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Please note we currently have a backlog of submitted material, our volunteers are working through this as quickly as possible and all names, stories and photos will be added to the site. If you have already submitted a story to the site and your UID reference number is higher than 235634 your submission is still in the queue, please do not resubmit without contacting us first.
Did you know? We also have a section on World War Two. and a Timecapsule to preserve stories from other conflicts for future generations.
List of those who served at the 2nd London General Hospital, Chelsea during The Great War
- WO1 Walter Charles Maidlow Royal Army Medical Corps. Read thier Story.
List of those who were treated at the 2nd London General Hospital, Chelsea during The Great War
WO1 Walter Charles Maidlow Royal Army Medical Corps.
Sergeant Major Walter Charles Maidlow RAMC, was treated for Chronic Bronchitis at the 2nd Eastern General Hospital in Brighton. Exact date is not known but he was serving as a WO1 RAMC in the 2nd London General Chelsea in December 1916 when he contracted the disease. He was discharged from the Army on 31st March 1919. He had served with the RAMC in India between 1914 and 1916, also serving on three Hospital Ships. The Dunvegan, The Varsova and finally the H.S. Neuralia. I am still writing Walter’s story.Ivor Williams
Pte. Charles Clarke 2nd Btn. Kings Royal Rifle Corps
I have been researching my family history for a number of years including my grandfather’s career, Private Charles Clarke (10424) in the 2nd Battalion, Kings Royal Rifle Corps in the Great War.
He had enlisted in January 1912 and served until wounded then was discharged in February 1917. The family’s understanding of his discharge was that he was wounded and blinded in a gas attack in France sometime before February 1917 and we believe sent home to England recover at the 2nd London General Hospital. I am unsure if his medical records or presence is listed at that time?
There is a family story that one night during a zeppelin or Gotha raid, presumably in London 1917, and an incendiary landed near him while being taken down to a shelter and the blast bought his sight back. It would be good if we knew where he was treated and how long was he in hospital for and any other information you may have on archive if indeed you have any? Is he for example on any casualty list for treatment at St Marks College or St Thomas's which I believe to be the 2nd London General Hospitals?Mike Mason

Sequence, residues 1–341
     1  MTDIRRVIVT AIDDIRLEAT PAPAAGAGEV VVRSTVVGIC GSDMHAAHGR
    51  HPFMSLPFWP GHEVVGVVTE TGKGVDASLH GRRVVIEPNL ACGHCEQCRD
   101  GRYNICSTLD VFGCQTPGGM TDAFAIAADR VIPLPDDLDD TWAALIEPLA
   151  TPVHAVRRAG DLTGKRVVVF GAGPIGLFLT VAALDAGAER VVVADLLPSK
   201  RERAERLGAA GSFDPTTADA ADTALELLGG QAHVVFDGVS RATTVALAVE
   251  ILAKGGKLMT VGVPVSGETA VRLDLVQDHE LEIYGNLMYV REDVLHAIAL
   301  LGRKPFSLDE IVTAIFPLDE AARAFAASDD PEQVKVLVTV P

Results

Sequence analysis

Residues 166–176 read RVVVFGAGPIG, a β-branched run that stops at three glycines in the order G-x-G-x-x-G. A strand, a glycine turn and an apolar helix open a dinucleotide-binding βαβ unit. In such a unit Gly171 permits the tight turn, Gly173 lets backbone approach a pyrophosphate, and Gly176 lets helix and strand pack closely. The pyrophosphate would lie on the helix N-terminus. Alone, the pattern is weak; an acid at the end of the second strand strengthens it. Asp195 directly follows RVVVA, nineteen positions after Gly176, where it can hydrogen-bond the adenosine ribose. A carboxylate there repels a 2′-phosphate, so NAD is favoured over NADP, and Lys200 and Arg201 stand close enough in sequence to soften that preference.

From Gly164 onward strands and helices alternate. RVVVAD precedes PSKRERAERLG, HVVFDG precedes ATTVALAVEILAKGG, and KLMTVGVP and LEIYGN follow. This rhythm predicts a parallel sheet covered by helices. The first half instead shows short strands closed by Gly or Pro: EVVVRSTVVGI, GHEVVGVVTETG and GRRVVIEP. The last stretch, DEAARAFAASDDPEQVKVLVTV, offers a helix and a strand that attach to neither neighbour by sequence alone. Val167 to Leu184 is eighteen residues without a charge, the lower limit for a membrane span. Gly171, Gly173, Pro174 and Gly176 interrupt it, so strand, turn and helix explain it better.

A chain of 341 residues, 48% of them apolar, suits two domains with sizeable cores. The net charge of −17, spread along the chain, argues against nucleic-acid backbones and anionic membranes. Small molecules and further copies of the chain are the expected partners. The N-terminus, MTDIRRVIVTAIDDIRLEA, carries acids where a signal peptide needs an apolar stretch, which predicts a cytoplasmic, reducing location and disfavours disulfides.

Lt. Reginald Theobald MC 11th Btn., C Coy. Suffolk Regiment (d.10th Apr 1918)
Reginald Theobald was my great uncle, the much loved older brother of my maternal grandmother, Kathleen Hilda Poles nee Theobald.
When war broke out he was about to go to Cambridge from Mill Hill School, on a Maths scholarship but never got there. He enlisted as Private 962 in the Royal Fusiliers and served in France and Flanders. He was a great sportsman, representing the school in cricket and hockey and being a good boxer. He also enjoyed joking and having fun with the family. He took a box brownie camera to the war (not allowed!) and I have an album of his photos of the time.
He was awarded his Military Cross in 1917 "For conspicuous gallantry and devotion to duty. He did valuable work in cutting wire, and also carried out an important reconnaissance. Later, while mopping up, although badly wounded, he got his party together, regained his company, and went on to the final objective." He apparently held his post for 10 hours whilst wounded. He returned to England to be treated at St Marks College Hospital Chelsea in January 1915, for wounds received at Vimy Ridge. He also had Enteric Fever.
He died aged 23 at the Battle of Lys at Erquinghem sur Lys near Armentieres in France on 10th of April 1918, leaving behind a fiancee and recently widowed mother. The delightful museum in Erquinghem sur Lys has information and photos of him and the small CWG cemetery there at La Rolanderie Farm has his grave.Marilyn Longden